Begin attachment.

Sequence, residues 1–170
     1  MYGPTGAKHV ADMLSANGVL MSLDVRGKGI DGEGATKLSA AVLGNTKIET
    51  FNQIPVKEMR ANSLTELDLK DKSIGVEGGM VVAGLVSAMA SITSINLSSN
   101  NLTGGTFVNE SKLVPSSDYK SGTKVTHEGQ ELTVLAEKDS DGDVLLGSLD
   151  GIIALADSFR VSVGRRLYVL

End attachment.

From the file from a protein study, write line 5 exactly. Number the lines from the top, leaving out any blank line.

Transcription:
   151  GIIALADSFR VSVGRRLYVL